That may sound like heady stuff, but Westmoreland is anything but a stuffy philosopher. His writing is easy, his approach to the subject is thorough without being pedantic, and his outlook on the game is not so much reverntial as appreciative. He makes a great case for playing by the rules but doesn't hesitate to loosen them up a bit to make the game more fun for duffers just out to enjoy a walk in the sunshine. I've played a round or two with the man, and can attest that his attitude toward the game made every one of them a pleasure.
That attitude carries over into Westmoreland's explanation of the rules of golf, most of which are not only spelled out in clear English but illustrated with incidents many of us have seen either in person or while watching the pros on TV. He does this particularly well in situations that can be rather confusing, like encountering loose obstacles in a hazard. Can you move them? No. Are you penalized if you move, say, a twig in a bunker during your swing? Again, the answer is no. Westmoreland points out, though, that your "swing" doesn't include your backswing! So, if you touch that twig during your takeaway, you've added two strokes to your score. He illustrates the concept by recalling the penalty Brian Davis called on himself during a playoff with Jim Furyk at Harbour Town:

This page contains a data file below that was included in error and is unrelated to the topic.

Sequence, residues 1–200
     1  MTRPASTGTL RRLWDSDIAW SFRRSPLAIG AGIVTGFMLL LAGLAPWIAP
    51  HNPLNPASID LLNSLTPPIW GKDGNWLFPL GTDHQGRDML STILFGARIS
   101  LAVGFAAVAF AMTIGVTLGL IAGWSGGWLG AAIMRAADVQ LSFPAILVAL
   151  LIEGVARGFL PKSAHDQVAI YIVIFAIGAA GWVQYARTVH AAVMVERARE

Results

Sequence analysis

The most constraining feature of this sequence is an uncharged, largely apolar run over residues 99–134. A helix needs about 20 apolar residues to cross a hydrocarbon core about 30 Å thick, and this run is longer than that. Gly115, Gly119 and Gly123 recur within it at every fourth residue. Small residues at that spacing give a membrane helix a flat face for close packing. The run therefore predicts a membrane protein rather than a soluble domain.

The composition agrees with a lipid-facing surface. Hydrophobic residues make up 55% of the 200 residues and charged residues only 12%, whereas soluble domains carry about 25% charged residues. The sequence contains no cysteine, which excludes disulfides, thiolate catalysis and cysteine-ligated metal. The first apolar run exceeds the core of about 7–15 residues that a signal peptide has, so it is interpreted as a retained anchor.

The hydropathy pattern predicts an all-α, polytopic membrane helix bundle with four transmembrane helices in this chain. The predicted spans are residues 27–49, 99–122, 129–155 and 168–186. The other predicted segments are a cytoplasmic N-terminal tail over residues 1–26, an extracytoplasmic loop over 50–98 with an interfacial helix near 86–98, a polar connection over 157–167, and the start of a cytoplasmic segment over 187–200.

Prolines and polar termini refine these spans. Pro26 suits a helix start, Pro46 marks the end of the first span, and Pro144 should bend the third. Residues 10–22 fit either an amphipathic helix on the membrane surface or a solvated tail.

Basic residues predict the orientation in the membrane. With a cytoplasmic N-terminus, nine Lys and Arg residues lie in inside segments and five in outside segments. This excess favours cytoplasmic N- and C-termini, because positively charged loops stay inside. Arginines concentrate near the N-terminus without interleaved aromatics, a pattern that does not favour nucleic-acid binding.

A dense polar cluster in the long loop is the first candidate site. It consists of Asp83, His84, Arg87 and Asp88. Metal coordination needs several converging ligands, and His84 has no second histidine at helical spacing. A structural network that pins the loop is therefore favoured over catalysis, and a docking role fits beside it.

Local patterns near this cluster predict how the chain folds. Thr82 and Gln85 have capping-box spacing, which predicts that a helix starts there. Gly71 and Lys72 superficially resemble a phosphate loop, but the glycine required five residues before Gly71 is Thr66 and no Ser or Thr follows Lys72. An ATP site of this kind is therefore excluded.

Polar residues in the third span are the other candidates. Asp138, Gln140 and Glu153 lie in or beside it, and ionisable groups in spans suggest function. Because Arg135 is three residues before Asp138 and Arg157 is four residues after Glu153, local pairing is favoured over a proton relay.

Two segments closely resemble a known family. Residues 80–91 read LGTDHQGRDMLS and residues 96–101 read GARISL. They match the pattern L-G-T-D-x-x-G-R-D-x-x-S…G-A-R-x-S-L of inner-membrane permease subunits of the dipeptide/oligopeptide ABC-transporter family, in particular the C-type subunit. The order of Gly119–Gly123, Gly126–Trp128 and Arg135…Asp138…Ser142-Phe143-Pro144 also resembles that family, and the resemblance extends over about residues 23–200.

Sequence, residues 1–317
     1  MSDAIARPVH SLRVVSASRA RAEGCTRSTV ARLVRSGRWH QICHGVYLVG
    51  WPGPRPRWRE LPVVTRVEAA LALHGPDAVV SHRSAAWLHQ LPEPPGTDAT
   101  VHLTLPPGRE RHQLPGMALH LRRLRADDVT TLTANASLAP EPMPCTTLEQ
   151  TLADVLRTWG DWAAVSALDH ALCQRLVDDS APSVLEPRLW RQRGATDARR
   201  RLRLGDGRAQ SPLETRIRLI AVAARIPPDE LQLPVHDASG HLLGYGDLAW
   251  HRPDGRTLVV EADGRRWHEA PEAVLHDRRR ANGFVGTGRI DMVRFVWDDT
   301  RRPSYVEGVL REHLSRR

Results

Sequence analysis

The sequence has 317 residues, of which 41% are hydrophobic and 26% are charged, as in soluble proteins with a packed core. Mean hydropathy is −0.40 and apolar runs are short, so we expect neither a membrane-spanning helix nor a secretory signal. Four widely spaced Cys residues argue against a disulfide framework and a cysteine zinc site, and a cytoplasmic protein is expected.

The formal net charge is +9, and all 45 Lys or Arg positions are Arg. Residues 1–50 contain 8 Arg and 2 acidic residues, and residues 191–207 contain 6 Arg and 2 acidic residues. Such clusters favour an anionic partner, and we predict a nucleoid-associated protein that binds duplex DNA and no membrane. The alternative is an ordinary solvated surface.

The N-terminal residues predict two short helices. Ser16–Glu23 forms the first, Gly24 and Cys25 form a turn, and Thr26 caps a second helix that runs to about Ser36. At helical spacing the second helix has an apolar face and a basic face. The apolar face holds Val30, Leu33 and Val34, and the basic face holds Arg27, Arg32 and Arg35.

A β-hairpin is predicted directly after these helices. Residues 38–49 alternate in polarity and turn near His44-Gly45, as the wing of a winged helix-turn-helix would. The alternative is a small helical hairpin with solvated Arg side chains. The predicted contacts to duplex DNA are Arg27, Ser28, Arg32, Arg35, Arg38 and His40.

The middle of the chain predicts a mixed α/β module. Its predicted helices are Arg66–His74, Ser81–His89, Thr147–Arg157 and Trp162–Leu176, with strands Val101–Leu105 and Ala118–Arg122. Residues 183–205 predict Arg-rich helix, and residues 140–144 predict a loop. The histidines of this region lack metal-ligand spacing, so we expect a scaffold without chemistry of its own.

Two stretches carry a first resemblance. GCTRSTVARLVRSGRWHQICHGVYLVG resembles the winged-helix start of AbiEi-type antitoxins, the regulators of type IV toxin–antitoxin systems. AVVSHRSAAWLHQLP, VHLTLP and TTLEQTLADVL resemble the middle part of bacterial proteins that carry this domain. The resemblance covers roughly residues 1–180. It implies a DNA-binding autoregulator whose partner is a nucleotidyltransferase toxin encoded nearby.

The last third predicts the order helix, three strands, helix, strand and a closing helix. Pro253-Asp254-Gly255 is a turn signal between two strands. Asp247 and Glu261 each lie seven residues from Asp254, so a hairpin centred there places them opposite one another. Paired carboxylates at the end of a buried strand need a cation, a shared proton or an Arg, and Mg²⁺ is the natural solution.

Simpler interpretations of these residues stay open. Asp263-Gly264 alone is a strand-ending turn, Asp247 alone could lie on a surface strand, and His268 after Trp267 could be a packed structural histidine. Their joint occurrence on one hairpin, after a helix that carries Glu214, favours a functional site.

"The TV announcers correctly quoted Rule 13-4, but misunderstood the definition of a stroke, for while it is okay to touch a loose impediment during the stroke, Brian touched it on his backswing."Nearly every rule examined in A Game For Life has a real-life example that makes it easier to understand and Westmoreland's career in the game has given him thousands of such examples from which to choose. He has been an active member of USGA Championship Committees, serving as co-chairman of the 2004 U.S. Amateur and the 2006 U.S. Open. His service as the Metropolitan Golf Association's Tournament Director for many years (among other accomplishments) led the MGA to christen the trophy for its premiere event, the Met Open, the Westmoreland Cup. In A Game For Life, Gene Westmoreland speaks with both common sense and authority.
Among many other books, Dave Donelson is the author of Weird Golf: 18 tales of fantastic, horrific, scientifically impossible, and morally reprehensible golf